Donnell Wallam said it had been “one of the toughest weeks of her life” after scoring a last-minute winner as Australia beat England 55-54 in the first of their three-match series.
Wallam, 28, is the first Indigenous player to feature for the Diamonds in more than two decades.
But the build-up to her debut was overshadowed by mining company Hancock Prospecting pulling their A$15m (£8.4m) sponsorship deal with Netball Australia after she privately raised concerns about the company’s Indigenous record.
The squad’s only Aboriginal player ,Wallam is widely reported to have told team-mates she was uncomfortable wearing the company’s logo, while they then reportedly also refused to wear it in solidarity with her.
Wallam is said to be particularly concerned about racist comments made by Hancock Prospecting’s founder Lang Hancock in 1984.
In a TV interview, he suggested Aboriginal people should “breed themselves out”, adding: “I would dope the water up so that they were sterile… that would solve the problem.”
On Saturday, Hancock Prospecting said the sponsorship deal would no longer go ahead, despite reports that Wallam was willing to wear the logo after the pressure became “too much to bear”.
Its executive chairman Gina Rinehart – Australia’s richest citizen and one of the biggest private investors in Australian sport – is the daughter of Lang Hancock.
In pulling the deal, Hancock Prospecting and Rinehart expressed frustration that sport was being “used as the vehicle for social or political causes”.
They said in a statement: “There are more targeted and genuine ways to progress social or political causes without virtue signalling or for self-publicity.”
The company then defended itself by saying it helps provide training, employment and education opportunities in Aboriginal communities, as well as making significant royalty payments to traditional owners for mining their land.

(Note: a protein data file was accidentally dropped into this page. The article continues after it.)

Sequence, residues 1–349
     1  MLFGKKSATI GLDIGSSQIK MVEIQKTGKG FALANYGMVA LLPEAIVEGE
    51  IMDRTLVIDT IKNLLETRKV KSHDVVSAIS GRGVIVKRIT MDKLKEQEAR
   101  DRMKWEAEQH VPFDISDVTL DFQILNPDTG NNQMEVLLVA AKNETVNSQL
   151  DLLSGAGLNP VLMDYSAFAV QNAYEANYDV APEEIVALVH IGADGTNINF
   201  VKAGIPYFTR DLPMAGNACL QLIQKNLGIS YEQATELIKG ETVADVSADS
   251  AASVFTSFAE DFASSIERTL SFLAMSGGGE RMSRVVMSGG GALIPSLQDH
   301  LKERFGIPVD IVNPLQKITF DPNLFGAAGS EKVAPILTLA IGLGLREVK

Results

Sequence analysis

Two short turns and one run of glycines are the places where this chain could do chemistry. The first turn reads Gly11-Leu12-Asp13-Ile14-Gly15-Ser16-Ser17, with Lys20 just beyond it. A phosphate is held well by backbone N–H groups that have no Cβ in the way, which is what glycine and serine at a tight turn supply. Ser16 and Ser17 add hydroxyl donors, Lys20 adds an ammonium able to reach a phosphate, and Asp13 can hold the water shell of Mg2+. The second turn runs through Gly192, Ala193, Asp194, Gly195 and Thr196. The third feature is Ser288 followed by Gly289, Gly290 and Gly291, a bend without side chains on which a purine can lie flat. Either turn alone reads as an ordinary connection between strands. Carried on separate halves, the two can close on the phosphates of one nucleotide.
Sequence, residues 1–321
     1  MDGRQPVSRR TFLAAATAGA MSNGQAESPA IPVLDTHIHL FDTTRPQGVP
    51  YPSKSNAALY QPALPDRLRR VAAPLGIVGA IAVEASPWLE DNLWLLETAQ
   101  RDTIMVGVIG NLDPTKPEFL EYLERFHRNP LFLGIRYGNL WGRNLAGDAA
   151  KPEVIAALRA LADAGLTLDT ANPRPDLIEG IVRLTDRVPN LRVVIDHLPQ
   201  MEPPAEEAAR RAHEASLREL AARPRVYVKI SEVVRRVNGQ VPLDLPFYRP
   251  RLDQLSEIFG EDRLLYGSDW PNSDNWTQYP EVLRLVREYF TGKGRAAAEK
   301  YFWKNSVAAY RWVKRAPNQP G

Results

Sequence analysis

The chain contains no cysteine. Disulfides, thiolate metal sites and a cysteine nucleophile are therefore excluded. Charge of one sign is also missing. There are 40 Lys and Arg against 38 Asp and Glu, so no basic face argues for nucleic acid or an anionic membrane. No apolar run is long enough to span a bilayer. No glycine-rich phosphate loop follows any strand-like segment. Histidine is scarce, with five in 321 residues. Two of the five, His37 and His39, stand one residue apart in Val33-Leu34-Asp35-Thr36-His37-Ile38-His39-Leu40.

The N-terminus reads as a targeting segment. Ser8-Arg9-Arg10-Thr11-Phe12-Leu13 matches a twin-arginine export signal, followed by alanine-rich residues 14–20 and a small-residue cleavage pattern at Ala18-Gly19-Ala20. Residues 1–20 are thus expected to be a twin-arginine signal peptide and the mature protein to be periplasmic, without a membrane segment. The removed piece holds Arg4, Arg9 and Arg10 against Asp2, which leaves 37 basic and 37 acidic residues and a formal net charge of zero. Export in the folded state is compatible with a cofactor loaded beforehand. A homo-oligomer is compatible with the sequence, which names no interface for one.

Wallam started the match against England’s Roses on the bench in Newcastle, New South Wales but was given a huge ovation when she came on in the fourth quarter, becoming the third indigenous Australian to play for the Diamonds.
She scored with her very first touch, adding six more before netting the winner with seven seconds left on the clock.
She told Fox Sports: “I was kind of relieved to finally get my chance on court. It has been one of the toughest weeks of my life so to get out on the court was really special.
“It’s really special, I just hope I’m now a role model to the young girls and boys coming through for their turn.”
It is the first time since 2018 that the Roses have played in Australia after their planned 2021 tour was cancelled due to Covid-19 restrictions.
Eleanor Cardwell earned her 50th cap as Jess Thirlby’s side pushed the world champions throughout a tight encounter, holding a one-goal lead at half-time.
“We wanted to show we can compete and make sure our strategies are robust enough to compete with the best team in the world and I think we gave a fair account of that,” said Thirlby.
“It was great that we were in the lead at times, the Diamonds came back at us but we responded and we never let the game get away from us and I think that’s a big step forward.”
The second match of the series takes place in Sydney on Sunday (08:30 GMT).